Aortic dissection represents a high-risk surgical emergency.

Initial treatment

Once an AD is recognized, the principles of medical therapy include control of the patient’s blood pressure with beta blockade principally, but also with pain medications. At the time of transfer, the focus of the team is blood pressure and heart rate control preferentially with beta blockers. The goal of care during this early phase is to prevent the dissection from extending or rupturing by both lowering the pressure and by lowering the number of pulses being generated. This last point, limiting pulse generation, is one of the keys to using beta blockers over other anti-hypertensives.

If the patient presents to a non-tertiary hospital, it is imperative the patient move quickly to a facility with expertise in surgical treatment. If the ascending aorta is involved, (Type A AD), and the patient is a surgical candidate, then urgent surgery should occur. The corrective surgery includes graft replacement of the ascending aorta (often including the under surface of arch). With a Type B AD (where the tear starts in the descending aorta), consultation with a vascular surgeon is needed, and if high-risk features are present, such as ischemia of the mesenteric or peripheral vessels, then an urgent surgical procedure (often stent grafting) should take place.

Needs for improvement

Since AD is significantly less common than acute coronary syndromes, the clues suggesting the diagnosis are less evident and, without a point-of-care laboratory assay, the diagnosis is often delayed or missed. Death in AD is most frequently due to aortic rupture, and thus lifesaving surgery must be initiated before this occurs. The AD Program was created based on the same principles of the Level 1 Heart Attack program for ST elevation myocardial infarction, which emphasizes standardized and protocolized care in concert with a regional referral network resulting in rapid transport directly to the cath lab for emergent percutaneous coronary intervention.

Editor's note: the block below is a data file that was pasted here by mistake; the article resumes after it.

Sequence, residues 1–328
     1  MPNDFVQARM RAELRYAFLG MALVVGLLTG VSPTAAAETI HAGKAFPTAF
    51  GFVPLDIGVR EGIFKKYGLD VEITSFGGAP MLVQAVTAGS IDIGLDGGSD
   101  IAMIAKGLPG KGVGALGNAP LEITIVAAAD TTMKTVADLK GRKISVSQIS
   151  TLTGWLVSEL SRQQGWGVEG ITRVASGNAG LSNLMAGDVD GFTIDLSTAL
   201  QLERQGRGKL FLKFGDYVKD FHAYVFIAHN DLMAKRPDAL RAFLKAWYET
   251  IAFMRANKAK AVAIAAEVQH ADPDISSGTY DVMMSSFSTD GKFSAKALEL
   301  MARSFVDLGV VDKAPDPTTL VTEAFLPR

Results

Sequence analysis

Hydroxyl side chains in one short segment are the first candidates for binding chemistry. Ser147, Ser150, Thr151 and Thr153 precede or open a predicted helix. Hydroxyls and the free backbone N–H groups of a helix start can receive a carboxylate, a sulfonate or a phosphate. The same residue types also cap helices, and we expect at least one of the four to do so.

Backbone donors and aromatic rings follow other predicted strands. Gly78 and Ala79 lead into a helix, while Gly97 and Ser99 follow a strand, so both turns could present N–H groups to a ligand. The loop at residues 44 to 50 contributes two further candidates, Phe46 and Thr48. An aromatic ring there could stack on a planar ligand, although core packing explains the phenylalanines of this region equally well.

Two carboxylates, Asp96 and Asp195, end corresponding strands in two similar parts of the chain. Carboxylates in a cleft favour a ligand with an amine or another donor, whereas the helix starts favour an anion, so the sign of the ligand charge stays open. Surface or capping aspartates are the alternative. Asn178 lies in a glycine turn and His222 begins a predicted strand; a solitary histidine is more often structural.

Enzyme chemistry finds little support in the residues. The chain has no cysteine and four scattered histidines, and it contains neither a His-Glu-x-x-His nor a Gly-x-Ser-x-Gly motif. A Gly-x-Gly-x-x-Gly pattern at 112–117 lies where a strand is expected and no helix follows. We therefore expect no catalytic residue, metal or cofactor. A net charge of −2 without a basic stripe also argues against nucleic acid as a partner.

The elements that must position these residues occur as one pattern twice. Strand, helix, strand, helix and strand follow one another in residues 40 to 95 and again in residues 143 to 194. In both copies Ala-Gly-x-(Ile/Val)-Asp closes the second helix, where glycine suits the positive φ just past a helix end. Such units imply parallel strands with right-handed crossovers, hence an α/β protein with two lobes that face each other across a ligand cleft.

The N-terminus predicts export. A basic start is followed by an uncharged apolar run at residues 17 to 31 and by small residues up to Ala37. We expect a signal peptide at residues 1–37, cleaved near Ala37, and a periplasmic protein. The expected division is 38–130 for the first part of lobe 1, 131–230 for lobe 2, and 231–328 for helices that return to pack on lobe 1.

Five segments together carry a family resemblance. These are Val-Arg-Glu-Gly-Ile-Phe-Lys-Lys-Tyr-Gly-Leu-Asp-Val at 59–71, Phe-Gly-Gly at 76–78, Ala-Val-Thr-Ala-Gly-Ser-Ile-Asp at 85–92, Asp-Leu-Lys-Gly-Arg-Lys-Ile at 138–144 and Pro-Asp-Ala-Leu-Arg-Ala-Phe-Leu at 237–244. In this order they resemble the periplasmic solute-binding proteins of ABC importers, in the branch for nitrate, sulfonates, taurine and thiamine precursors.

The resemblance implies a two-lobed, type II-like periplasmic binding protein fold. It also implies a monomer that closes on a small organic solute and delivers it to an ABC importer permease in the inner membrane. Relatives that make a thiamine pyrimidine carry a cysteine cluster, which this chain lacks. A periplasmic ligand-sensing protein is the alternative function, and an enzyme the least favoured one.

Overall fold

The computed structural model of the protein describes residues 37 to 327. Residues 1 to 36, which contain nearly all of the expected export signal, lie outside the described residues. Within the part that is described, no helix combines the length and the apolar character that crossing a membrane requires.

Components of the AD Program

The multidisciplinary AD Program goals included standardizing diagnostic testing/imaging, decreasing the time to diagnosis and surgical treatment, early and aggressive blood pressure control, rapid access to blood products, and standardizing intraoperative imaging and surgical techniques.

Once the diagnosis of AD is confirmed, a call through a dedicated emergency phone number is used to arrange transfer to the AD team, including cardiothoracic and/or vascular surgeons, cardiologist, and emergency physician. Image transfer is also a priority. Throughout this phase in the AD protocol, order sets (which specify blood pressure goals, including recommended doses of beta blockers) are utilized by the transferring team to standardize care between providers and hospitals within the same system. This process focuses the team on clinical priorities and ensures critical steps are addressed during the final preparation for surgery. (For current AAD protocols, install the MHI/ANW CV Resources App, which includes information on cardiovascular protocols, as well as a checklist on Aortic Dissection (AoD) Protocol. This latter checklist is also available at www.tinyurl.com/mp-AD-Protocol).